Straighten Up: Adobe Slide
Where Ink expands on the concept of what an iPad stylus can be, Slide takes us into new territory. It's more than a straight edge, which is great because the edge of a book or ruler handles that task without any problem at all.
Adobe's Slide ruler companion for Ink
Instead, Slide is more like a little personal assistant for you and your stylus. Along with helping you draw straight lines, it lets you draw perfect squares, circles and triangles, create bezier curves, draw on or stamp with built-in stencils, and find intersection points in perspective drawings.
Slide doesn't use batteries, so there isn't any need to worry about recharging. Instead, it works much like an extra set of fingers tapping and swiping in apps for you. Slide includes a single concave button for switching between shapes, lines and stencils.
Once I got Slide in my hand I quickly realized all other styluses feel like they're missing an important component when using them for anything other than writing. Slide made it so much easier to get just the shape I wanted into a drawing, place lines exactly where I needed, and visualize how the next line or shape I planned to draw would look before placing digital ink on my work of art.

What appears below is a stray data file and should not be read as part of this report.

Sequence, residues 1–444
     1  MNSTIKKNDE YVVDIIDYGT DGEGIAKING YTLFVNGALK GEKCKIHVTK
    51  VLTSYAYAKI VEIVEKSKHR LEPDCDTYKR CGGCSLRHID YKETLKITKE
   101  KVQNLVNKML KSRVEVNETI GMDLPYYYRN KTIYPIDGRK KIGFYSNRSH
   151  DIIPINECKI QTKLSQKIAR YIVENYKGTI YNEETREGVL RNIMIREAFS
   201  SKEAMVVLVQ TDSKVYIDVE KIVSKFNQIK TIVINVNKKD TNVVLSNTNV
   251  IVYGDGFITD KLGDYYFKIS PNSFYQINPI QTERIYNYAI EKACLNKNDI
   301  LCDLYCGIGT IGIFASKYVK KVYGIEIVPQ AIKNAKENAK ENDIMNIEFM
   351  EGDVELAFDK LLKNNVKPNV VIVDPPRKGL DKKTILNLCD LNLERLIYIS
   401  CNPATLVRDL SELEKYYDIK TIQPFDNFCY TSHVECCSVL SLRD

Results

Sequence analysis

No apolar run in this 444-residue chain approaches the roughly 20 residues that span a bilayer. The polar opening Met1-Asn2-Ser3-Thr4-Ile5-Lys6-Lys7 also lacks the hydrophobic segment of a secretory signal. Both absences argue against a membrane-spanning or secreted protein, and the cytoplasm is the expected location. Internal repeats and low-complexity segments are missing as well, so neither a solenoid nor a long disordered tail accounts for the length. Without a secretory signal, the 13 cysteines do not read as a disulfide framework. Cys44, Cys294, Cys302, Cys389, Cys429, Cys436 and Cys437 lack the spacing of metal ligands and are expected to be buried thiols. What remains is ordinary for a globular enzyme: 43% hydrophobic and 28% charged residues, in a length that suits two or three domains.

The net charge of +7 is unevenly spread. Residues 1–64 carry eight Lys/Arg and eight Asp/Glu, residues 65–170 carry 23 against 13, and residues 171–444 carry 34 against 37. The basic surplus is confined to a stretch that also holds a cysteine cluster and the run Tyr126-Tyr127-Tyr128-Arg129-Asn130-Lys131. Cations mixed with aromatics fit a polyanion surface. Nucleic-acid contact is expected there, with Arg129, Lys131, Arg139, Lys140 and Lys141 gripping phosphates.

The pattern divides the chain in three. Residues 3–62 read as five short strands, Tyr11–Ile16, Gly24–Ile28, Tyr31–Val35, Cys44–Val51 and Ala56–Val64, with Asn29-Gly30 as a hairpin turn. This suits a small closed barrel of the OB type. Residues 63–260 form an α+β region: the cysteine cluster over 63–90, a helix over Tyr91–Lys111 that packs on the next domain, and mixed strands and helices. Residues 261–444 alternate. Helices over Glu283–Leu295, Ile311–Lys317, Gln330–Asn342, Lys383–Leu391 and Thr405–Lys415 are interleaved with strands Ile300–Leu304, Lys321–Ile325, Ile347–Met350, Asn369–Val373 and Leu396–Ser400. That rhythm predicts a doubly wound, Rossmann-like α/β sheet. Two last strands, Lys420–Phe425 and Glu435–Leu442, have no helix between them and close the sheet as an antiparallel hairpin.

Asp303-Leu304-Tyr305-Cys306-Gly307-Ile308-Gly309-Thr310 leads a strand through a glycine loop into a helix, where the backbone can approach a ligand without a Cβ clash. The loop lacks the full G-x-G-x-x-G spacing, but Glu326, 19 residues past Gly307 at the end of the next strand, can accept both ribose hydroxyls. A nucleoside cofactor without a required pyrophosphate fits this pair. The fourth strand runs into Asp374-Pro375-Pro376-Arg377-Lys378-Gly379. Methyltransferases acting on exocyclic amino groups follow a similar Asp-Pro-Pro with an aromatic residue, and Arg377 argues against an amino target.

The upside to Slide is that it takes the frustration out of drawing straight and curved lines, as well as geometric shapes, out of the mix. People who otherwise would just give up can draw without feeling like they simply aren't capable, and more advanced artists get a new level of precision they haven't had before on the iPad.
The downside is that Slide takes up literal space on your iPad display. I often had to spin mine around into different positions to keep both ends on screen when I used my iPad Air. On my iPad mini I routinely found it just didn't fit.
While I found Slide to be a fantastic addition to my drawing arsenal on my iPad Air, it was little more than a tool for drawing straight lines and perfect circles on my iPad mini. That said, putting both in the hands of an 11 year old showed the iPad mini's screen to be big enough, and was also a great reminder to just how creative kids can be.
Working with Ink and Slide is easy and picking up on how to use both is simple, too. Even easy to use tools can benefit from some quick how-to training, so Adobe put together a set of video tutorials showing how to set up your Ink and Slide, and how to use them in the companion Line and Sketch iPad apps. They're short and well done, and Adobe even went so far as to list the time stamps for each new topic in all of the videos.